Monday, June 25
We finished up with the shaders section of the deeper dive. (Reminder: shaders are programs for the graphical processing unit.) This mostly consisted of following a slideshow and copying code, but I happened to have enough baseline knowledge to figure out how everything works. When we reached the end of the class, I took it upon myself to write a shader that renders only horizontal slices of an object without modifying its geometry.
This view is a bit confusing, so I’ll break it down. There are two objects here. The grayscale teapot is in the front with thin slices. Behind it (and partially inside) is a pill-shaped thing. The thin light blue/gray lines show the shape of the object being passed to the shader (called a “mesh”). It’s up to the shader to figure out which pixels need to be what color to make the 3D object appear on the 2D screen. Sadly, if you haven’t written a shader, you have no reference for how much vector math is involved in this process.
In the afternoon class, we got a second, more in-depth tour of the C6: the 96-node, $6 million graphics cluster and VR room. If you can’t picture how 24 projectors can project onto 6 walls, this picture might help:
We made a small test scene in Unity using the plugin that allows the C6 master node to distribute the rendering and simulation to all 96 nodes. It was really neat to make a virtual world and then stand in it, all within in a few minutes (but I’m used to the concept from standard commodity VR systems)!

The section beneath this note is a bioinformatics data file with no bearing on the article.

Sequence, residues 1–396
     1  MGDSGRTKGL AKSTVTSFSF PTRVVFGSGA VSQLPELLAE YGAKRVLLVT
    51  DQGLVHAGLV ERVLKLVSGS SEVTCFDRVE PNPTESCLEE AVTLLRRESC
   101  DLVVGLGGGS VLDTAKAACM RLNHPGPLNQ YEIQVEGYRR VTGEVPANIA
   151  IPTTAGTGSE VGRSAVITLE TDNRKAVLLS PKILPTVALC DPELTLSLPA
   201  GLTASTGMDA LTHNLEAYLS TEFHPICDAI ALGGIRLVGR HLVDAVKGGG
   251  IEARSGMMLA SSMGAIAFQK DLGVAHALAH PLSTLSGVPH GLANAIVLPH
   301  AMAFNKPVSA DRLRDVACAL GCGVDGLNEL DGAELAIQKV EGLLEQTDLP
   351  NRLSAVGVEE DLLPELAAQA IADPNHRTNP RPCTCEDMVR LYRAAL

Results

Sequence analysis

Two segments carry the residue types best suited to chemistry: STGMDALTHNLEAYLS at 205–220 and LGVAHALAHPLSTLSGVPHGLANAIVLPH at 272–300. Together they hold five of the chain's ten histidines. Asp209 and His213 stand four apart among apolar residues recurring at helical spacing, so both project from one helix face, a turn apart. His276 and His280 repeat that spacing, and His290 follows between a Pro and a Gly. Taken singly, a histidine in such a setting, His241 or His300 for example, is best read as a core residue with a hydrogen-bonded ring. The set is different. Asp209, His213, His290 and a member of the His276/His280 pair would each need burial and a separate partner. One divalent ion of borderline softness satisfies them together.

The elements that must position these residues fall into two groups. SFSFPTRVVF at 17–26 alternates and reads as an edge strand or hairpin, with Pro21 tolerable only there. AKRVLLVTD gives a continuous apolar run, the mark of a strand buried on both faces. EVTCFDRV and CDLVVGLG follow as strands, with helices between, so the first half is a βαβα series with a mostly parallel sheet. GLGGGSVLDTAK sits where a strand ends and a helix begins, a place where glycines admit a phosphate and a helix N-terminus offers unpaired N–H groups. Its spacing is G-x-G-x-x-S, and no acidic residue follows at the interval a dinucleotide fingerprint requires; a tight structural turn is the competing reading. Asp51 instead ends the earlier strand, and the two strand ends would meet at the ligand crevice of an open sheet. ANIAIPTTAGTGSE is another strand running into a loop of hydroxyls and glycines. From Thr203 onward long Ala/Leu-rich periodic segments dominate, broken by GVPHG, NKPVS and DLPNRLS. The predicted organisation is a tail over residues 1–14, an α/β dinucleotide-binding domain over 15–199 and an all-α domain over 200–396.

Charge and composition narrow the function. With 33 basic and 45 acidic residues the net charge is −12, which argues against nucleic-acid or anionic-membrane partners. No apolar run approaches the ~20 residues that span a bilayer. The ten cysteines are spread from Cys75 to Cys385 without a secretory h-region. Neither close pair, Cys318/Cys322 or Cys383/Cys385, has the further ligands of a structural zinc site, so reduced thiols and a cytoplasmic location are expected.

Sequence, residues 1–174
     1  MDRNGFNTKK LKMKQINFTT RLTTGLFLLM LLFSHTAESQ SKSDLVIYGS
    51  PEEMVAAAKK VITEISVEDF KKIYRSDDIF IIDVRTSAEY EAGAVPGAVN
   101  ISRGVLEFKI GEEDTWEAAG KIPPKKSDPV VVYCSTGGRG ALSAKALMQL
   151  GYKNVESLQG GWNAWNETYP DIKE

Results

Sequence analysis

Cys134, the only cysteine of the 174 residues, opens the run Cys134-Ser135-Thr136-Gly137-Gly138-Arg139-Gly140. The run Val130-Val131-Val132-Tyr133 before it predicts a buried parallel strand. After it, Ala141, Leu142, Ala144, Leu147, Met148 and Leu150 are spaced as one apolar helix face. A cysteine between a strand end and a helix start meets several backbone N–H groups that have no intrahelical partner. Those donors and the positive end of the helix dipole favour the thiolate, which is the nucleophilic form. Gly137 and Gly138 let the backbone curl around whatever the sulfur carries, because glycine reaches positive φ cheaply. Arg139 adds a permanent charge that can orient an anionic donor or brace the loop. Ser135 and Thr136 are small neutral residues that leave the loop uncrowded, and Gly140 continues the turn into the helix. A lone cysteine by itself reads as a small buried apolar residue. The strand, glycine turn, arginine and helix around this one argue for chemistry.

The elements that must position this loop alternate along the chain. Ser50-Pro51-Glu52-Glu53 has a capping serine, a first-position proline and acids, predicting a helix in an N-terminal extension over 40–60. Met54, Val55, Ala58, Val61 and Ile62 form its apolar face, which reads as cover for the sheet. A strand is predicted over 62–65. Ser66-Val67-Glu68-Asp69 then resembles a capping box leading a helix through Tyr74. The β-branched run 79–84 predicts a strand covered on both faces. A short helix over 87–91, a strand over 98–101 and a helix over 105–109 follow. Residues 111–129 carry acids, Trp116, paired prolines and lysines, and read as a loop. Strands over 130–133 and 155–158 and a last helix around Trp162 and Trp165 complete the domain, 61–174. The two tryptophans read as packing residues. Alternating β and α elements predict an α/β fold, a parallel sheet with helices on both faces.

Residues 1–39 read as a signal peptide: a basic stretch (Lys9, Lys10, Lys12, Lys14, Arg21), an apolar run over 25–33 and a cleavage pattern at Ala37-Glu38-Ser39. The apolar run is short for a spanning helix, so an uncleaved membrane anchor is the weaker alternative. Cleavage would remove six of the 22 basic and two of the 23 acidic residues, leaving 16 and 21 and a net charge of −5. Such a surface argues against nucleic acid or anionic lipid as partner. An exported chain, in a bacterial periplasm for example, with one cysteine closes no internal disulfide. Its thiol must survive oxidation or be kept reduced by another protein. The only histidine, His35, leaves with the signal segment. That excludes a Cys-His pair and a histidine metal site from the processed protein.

Tuesday, June 26
Today we talked about how to review a paper and practiced as a group. The DataViz group (well, we’re a pair now) wrote the “research area paragraph” which describes what our goal is and also how to measure success. It’s funny to me that we didn’t even know what we were researching until week 5. I understand that research is about solving open-ended problems, but this is more like getting to the airport before you know where you’re buying tickets to. It’s fundamentally different than that standard research uncertainty that Dr. Winer is so proud that we don’t have much experience with yet.
Speaking of Dr. Winer, (the associate director at VRAC and one of the two professors in charge of us,) we heard his career story over lunch. I’m still not used to hearing these full-career stories. It’s interesting how thoroughly different lives can be. I know that isn’t very profound, but that’s alright.
Wednesday, June 27
Today my deeper dive group worked on a mathematically-complex shader that doesn’t lend itself well to a succinct explanation. The end effect is that you can make an object appear to be cut along any arbitrary plane without actually affecting the geometry of the object. I also messed around a bit with some shaders that render 2D and 3D fractals and I rendered these:
I had a bad headache for most of the day. Made a few calls, including talking to my parents for the last time before my mom heads to Geneva for an internship at the World Health Organization. My dad will leave once his Visa gets approved; he’s staying behind to attend the wedding that I’m flying back for a weekend to sing at. I took a nap after the calls, but I just woke up nauseous instead of feeling better. I read a bit while I waited for that to clear (and it mostly did) before going to bed again for the night.